This question caused me to reflect in turn on an experience of conflict that arose in my own life. In the aftermath of my own anger and hurt, I struggled with my habitual response of withdrawing, of creating greater separation between myself and the other. I know that separation may initially feel comforting, but it also brings greater suffering. I often teach the midrash that says that when God separated the upper waters from the lower waters on the second day of creation, the lower waters wept over the separation. Out of compassion for their anger and hurt, God refrained from saying “It is good” and indeed the Torah does not include that blessing for the second day. Separation does deepen suffering; in fact, one of the aspects of the suffering is that when we are in its grip, it is more difficult to reach out in love.
And yet, as one of the participants commented, aren’t we all deeply yearning for more love?
Perhaps the answer is to hold it all, to make space for the anger and hurt, these difficult but important human experiences that both protect us and separate us from others. After all, separation was essential for creation to happen. The practice can be not to get stuck there. From the separation it is sometimes possible to reach out again in love which can lead to healing. In the case of the conflict I experienced, the conversations that took place afterwards created a new sense of closeness and understanding. That is not always possible. But even when it is not, to reach in with love and compassion for our own suffering can be a transformative intention. And that itself is a blessing.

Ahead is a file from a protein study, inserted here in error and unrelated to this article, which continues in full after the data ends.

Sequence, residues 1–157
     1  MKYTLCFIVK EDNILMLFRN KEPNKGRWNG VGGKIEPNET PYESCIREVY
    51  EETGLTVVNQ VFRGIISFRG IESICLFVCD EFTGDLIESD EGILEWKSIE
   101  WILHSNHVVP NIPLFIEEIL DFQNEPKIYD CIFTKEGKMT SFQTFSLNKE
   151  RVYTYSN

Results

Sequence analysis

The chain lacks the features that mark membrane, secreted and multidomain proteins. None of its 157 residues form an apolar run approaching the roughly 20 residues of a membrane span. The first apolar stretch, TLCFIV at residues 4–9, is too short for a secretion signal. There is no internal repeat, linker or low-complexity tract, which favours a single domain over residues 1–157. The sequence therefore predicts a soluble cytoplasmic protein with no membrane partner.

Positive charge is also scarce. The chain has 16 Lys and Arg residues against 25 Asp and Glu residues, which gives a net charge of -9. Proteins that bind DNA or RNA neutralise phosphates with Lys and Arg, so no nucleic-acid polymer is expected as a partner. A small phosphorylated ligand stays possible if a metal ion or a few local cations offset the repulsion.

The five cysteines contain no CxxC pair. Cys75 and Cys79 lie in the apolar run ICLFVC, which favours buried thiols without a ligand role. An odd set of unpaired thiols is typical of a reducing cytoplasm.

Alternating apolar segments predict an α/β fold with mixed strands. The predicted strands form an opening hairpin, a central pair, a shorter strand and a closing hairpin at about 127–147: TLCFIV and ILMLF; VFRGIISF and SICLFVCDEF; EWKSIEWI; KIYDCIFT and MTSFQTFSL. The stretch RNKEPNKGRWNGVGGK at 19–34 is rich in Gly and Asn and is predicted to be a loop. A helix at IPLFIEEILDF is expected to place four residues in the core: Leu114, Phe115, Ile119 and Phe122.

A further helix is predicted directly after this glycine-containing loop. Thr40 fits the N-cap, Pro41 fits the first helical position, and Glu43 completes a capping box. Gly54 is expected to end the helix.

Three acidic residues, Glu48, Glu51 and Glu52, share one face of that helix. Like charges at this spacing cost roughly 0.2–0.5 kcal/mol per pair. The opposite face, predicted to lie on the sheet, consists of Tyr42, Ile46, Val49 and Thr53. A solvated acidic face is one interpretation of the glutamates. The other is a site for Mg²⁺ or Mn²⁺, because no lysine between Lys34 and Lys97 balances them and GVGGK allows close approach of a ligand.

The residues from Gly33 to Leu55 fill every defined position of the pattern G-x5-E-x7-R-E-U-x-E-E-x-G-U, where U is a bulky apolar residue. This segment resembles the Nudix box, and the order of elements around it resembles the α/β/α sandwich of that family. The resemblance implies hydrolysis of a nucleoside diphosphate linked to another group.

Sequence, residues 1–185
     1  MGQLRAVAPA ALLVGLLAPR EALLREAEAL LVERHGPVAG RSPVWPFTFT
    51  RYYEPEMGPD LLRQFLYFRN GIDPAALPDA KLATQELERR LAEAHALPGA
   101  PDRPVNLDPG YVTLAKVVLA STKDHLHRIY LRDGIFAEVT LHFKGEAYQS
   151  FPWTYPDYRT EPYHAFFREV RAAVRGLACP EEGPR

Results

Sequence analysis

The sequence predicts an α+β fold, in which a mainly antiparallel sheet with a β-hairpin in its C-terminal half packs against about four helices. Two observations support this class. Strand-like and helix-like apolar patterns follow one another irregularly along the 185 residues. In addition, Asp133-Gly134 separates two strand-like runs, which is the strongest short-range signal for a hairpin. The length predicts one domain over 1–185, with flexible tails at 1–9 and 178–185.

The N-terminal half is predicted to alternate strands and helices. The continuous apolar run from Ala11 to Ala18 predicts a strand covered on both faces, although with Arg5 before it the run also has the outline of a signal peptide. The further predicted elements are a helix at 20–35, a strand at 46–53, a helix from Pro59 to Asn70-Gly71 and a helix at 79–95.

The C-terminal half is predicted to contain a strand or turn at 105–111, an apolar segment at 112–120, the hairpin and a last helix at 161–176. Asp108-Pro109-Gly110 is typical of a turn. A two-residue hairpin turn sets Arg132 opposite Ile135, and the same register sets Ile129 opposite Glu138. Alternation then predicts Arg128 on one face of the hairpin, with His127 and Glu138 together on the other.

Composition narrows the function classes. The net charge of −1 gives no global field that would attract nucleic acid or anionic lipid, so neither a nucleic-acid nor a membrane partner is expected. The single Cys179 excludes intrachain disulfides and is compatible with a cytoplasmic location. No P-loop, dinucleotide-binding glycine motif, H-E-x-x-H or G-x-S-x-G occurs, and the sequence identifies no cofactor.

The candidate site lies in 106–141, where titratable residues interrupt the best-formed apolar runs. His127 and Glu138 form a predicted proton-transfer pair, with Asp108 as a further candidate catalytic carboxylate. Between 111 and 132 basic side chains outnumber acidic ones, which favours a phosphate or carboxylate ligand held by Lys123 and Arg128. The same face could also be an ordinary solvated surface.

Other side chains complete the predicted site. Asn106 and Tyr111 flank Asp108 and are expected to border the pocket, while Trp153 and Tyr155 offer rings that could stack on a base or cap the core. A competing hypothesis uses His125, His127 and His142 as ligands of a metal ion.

We Jews are known for being big talkers. We are stereotypically a people of a lot of words, of arguments, of big ideas, of strong opinions. I remember once speaking to a Catholic boys’ school in Missouri. The first kid raised his hand and said, to his teacher’s mortification, “Our science teacher is Jewish and she talks fast, too. Do all Jews talk fast?” (I quickly said, “Yes!”) It’s not surprising that people frequently raise their eyebrows when they hear what IJS does and ask, “How do you get Jews to be quiet?”
We are coming up to the end of our “kayak trip through the Omer,” as our colleague Marc Margolius has been guiding us, weaving our way through the middot, or ethical traits, that prepare us for the splendor and awe of revelation at Mt. Sinai on Shavuot. On Shavuot, we are told, we get to re-experience the moment of great mythic meeting between the Divine and ourselves, a direct experience of communication with the Source of Life itself, lovingly distilled into Torah, the wisdom for a good life that has been handed down – and yes, discussed and argued over – for generations.
There are all kinds of midrashim about what actually happened at Mt. Sinai. What is striking is how many of them veer away from the Biblical narrative that describes a noisy, thundering encounter and suggest instead that the surprising thing about Sinai was how quiet it was. In fact, it was so quiet that people for once could hear that kol dmama daka, that subtle quiet Voice that is speaking all the time.